Web 3.0 And The Metaverse Will Mainstream—That Might Not Be A Good Thing
What happens in the metaverse, doesn’t always stay in the metaverse
There’s a scene in the 2018 Sci-Fi Thriller Upgrade that depicts a number of people in an abandoned warehouse, hooked up to VR headsets and IV drips simultaneously who are engrossed in their virtual worlds and completely checked out of the physical world. The stark images depict VR, “addicts”, languishing in a futuristic Opium den where people stay plugged into virtual worlds of their making for days at a time—blissfully tuned out and fully immersed and dependent on their artificial existence. It is perhaps one of the darkest illustrations of what may come when the “metaverse” becomes mainstream—but it may not be that far from reality.
Prior to Facebook’s re-brand as “Meta”—their new name for the corporate entity that runs Facebook, Instagram, WhatsApp, Oculus VR, and others—society has already spent years dealing with the side effects that come with the incredible innovations from social media and mobile apps. Instagram’s own research recently affirmed that its platform is making body image issues worse for one out of three girls already struggling with how they perceive their bodies. And this is just the tip of the Iceberg. Social media combined with the rise of mobile app mainstreaming and rising data speeds and availability have literally transformed the internet as well as our digital behaviors—so much so that companies like Apple, who realize that they too have a significant role to play in the societal downsides of technology have built self-regulating features like screen time monitoring which tells us how many hours we are logging onto our screens or warnings if we are listening to our volume on Apple headsets too loud, for too long. The tech companies of today who are poised to take us into Web 3.0 and the metaverse tomorrow, are trying to self-regulate before they are regulated—an inevitable reality as the power of big tech has grown exponentially.
What is Web 3.0 and The Metaverse?
An inconvenient truth is that nobody really agrees on what exactly Web 3.0 and the metaverse are specifically—and that’s because it’s still early days and being actively defined. Decentralized cryptocurrencies which are disrupting finance play a role as does the Blockchain technologies upon which they are built. The NFT (Non-Fungible Token) economy also plays into it—directly linked to the world of crypto and assigning ownership to digital assets which can be easily copied but now, thanks to the Blockchain—formal ownership can be documented. As a convenient resource on the niche of NFTs, Expensivity has a useful infographic that breaks down the entire NFT market and what to look for.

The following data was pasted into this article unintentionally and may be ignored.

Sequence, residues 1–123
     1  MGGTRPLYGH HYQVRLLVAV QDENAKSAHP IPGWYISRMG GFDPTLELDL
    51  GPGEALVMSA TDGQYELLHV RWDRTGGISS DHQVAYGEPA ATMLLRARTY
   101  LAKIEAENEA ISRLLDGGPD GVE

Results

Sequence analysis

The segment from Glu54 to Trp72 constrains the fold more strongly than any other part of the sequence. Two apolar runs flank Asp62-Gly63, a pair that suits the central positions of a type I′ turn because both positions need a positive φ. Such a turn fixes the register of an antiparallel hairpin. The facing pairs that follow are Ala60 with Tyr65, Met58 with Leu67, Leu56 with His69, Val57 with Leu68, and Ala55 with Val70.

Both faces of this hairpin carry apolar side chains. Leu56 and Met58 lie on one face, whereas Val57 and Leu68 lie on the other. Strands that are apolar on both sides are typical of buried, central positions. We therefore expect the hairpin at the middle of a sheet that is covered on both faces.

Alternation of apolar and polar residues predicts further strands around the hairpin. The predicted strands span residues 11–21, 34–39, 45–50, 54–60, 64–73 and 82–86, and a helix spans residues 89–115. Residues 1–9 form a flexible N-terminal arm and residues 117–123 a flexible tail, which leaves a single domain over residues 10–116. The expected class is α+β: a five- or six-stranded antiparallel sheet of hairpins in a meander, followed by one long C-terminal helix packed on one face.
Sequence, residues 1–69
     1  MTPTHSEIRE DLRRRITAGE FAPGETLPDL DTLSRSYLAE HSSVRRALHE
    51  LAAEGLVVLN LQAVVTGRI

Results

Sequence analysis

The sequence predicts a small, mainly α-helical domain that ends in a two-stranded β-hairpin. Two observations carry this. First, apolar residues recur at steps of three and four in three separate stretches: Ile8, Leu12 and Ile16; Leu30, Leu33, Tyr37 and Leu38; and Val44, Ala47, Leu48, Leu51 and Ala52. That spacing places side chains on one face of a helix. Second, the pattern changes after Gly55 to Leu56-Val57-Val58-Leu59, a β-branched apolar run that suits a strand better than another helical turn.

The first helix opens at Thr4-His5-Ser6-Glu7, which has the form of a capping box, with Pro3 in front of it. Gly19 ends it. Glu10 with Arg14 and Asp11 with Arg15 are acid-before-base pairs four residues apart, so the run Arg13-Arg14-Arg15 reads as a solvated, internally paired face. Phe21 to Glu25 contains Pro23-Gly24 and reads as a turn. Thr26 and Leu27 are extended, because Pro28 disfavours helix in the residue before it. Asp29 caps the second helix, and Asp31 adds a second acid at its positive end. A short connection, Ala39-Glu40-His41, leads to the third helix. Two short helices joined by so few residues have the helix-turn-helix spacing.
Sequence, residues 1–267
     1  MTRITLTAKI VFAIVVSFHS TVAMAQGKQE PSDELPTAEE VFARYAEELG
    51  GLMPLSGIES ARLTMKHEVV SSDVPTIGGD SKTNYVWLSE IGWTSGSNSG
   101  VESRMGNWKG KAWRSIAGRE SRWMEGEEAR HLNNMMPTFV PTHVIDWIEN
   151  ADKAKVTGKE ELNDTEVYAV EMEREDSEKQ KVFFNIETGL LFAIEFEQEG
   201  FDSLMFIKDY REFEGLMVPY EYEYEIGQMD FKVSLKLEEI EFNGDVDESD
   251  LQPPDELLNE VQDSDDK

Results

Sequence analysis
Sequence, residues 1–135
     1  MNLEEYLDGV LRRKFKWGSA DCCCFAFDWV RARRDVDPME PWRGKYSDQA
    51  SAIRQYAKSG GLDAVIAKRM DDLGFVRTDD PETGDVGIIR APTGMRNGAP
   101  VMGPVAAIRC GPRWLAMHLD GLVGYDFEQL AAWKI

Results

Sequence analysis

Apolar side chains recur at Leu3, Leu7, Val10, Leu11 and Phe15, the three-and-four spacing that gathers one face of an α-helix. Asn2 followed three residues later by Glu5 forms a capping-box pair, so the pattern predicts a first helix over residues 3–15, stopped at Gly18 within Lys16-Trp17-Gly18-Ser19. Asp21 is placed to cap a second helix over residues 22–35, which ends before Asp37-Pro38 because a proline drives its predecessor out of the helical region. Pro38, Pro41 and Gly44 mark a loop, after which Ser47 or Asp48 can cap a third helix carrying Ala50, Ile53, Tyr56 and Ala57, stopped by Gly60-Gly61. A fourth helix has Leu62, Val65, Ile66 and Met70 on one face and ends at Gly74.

More broadly speaking, analyst Jeremiah Owyang describes Web 3.0 as a shift of power to the people, “the people are in charge of their data, identity, and monetization”. Owyang’s definition captures much of what is happening in a Web 3.0 world as, for example, influencers who built huge audiences on platforms such as YouTube have also become beholden and reliant on these platforms in order to make money off them. Cathy Hackl, an early adopter and well-known “Godmother of the metaverse” defines it as many things and specifically, “a shared virtual space where people are represented by digital avatars (think Ready Player One).” She describes the metaverse in an ever-changing state… “The virtual world constantly grows and evolves based on the decisions and actions of the society within it. Eventually, people will be able to enter the metaverse, completely virtually (i.e. with virtual reality) or interact with parts of it in their physical space with the help of augmented and mixed reality.”